Outrageous offloads are commonplace when Fiji take to the field in sevens, but the one Sevuloni Mocenacagi performed against Australia at this year’s LA Sevens was on another level. Even after several re-watches, it is hard to fathom how he got the ball to Jerry Tuwai. Mike Friday has seen most things in his time with England, Kenya and now the USA, but he was even rubbing his eyes in disbelief. “I’ve not seen an out-the-back offload like it in all my time on the series,” he admitted. “Ridiculous, just ridiculous!”

What? No Fiji?

It is unheard of for Fiji not to be in the mix for the medal positions at a world series tournament, but that’s exactly what happened in Dubai in 2019.

For the first time in the 21-year history of the series, Fiji failed to make it through to the Cup quarter-finals after finishing third behind France and Argentina in what must rank as the most competitive pool ever.

The three teams all won two matches and lost one to finish on seven points, but France and Argentina's points difference, at +28 and +27, respectively, was superior to Fiji's +14. Fiji's downfall was a 24-21 loss to Argentina, who capitalised on a yellow card for Vilimoni Botitu to work Matías Moroni over with the final play of the game and cause the shock of the day at The Sevens Stadium in the United Arab Emirates city.

France stun New Zealand in a catch-22

The Black Ferns Sevens were on a 38-match unbeaten run when they came up against France to determine who would go through to the Kitakyushu Sevens quarter-finals in 2019. France were truly inspired and at their clinical best in the Pool A decider, scoring on all five of their visits to the New Zealand 22, including a brace for Anne-Cécile Ciofani. It had taken 22 attempts, but France had finally taken the scalp of New Zealand on the world series.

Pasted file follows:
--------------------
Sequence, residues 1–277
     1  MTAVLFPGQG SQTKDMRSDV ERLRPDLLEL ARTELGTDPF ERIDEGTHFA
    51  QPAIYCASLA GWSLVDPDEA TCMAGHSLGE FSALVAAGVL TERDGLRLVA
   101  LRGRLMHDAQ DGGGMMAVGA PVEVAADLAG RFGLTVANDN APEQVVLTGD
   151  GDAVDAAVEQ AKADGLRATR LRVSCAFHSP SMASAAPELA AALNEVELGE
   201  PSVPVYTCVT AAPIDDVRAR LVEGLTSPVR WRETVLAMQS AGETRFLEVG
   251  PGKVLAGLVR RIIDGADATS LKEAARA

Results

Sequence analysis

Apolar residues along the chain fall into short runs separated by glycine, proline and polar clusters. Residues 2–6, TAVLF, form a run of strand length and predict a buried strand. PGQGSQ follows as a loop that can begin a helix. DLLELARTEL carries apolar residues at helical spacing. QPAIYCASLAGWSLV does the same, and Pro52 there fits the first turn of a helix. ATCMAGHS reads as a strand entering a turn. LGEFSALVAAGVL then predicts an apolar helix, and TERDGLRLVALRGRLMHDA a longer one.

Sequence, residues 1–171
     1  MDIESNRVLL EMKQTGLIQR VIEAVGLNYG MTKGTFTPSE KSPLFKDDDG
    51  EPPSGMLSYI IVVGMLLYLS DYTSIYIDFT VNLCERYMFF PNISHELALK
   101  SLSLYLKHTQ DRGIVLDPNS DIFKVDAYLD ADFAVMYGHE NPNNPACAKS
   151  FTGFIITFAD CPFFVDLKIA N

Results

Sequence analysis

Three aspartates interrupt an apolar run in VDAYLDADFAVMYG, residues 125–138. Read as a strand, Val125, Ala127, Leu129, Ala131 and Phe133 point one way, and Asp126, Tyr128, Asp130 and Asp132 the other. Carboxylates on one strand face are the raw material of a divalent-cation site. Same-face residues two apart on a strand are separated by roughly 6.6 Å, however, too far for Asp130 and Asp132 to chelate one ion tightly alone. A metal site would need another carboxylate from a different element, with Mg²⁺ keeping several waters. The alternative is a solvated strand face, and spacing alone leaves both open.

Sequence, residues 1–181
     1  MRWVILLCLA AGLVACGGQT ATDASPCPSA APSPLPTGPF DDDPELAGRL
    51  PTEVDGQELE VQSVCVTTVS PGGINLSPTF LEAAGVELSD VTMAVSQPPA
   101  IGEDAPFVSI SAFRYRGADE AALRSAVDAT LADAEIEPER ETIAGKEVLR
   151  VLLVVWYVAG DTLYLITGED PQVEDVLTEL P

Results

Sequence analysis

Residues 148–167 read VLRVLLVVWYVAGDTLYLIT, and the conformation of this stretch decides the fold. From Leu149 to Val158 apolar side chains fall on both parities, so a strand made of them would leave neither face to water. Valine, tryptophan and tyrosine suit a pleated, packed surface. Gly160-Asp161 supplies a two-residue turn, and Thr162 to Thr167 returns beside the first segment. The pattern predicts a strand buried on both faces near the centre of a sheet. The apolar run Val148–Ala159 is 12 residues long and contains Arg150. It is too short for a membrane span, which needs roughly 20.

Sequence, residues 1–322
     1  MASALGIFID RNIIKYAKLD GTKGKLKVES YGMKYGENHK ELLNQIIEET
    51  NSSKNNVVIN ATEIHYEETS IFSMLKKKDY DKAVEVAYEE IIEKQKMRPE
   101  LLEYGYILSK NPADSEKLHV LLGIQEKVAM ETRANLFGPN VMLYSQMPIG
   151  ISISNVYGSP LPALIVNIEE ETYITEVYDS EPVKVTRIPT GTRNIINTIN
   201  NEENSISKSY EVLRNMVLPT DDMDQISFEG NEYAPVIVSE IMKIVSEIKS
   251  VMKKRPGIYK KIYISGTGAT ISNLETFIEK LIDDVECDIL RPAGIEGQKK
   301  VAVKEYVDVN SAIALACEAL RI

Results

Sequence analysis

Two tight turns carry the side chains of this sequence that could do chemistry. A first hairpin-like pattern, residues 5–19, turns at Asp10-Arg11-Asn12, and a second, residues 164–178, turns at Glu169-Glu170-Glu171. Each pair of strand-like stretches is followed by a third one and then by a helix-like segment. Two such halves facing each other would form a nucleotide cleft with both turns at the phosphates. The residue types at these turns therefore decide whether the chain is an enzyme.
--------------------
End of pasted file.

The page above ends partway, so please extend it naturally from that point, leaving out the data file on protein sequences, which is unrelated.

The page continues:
Sydney goes all-American

In 19 consecutive tournaments dating back to the second event of the inaugural 2012/13 season, the Cup final had involved either New Zealand or Australia or both.

The Sydney Sevens in 2017 was going according to the script, too, with both powerhouses of the women’s game making it through to the last four. However, USA stunned New Zealand with a 19-12 victory and Canada matched it by beating the hosts 21-17 in a bruising second semi to set up the first-ever all-American final. Canada took the gold medal.

New Zealand refuse to accept defeat

New Zealand’s record of making every Cup quarter-final looked certain to end at the Cape Town Sevens in 2017, as they trailed hosts South Africa in the final match of Pool A.

Down and out with the score 21-14 to the Blitzbokke and just 20 seconds left on the clock, New Zealand showed all their champion qualities to find a way to win and stun the partisan home crowd. Sione Molia’s second try, crucially converted by Andrew Knewstubb, got them back on level terms and forced the match into extra time. 70 seconds into added time, New Zealand threw the ball wide and Vilimoni Koroi dived over in the left corner before being swamped by his team-mates.

Tune into the World Rugby Awards

Due to the ongoing impact of COVID-19 on the global game, the World Rugby Awards Special Edition replaces the usual annual World Rugby Awards and will celebrate members of the rugby family who have provided outstanding service to the public during the COVID-19 pandemic and players and teams who have starred over the last decade in a unique and innovative virtual event.

The Awards show will be co-hosted by former England international and World Rugby Hall of Fame inductee Maggie Alphonsi and rugby presenter Alex Payne. Fans across the globe are encouraged to get involved in the social conversation using #WorldRugbyAwards. Tune in to discover who will be named the Men’s Sevens Player of the Decade and the Women’s Sevens Player of the Decade, in association with HSBC.

Watch here at 20:00 GMT on Monday, 7 December >>

Last updated: Dec 4, 2020, 3:40:44 PM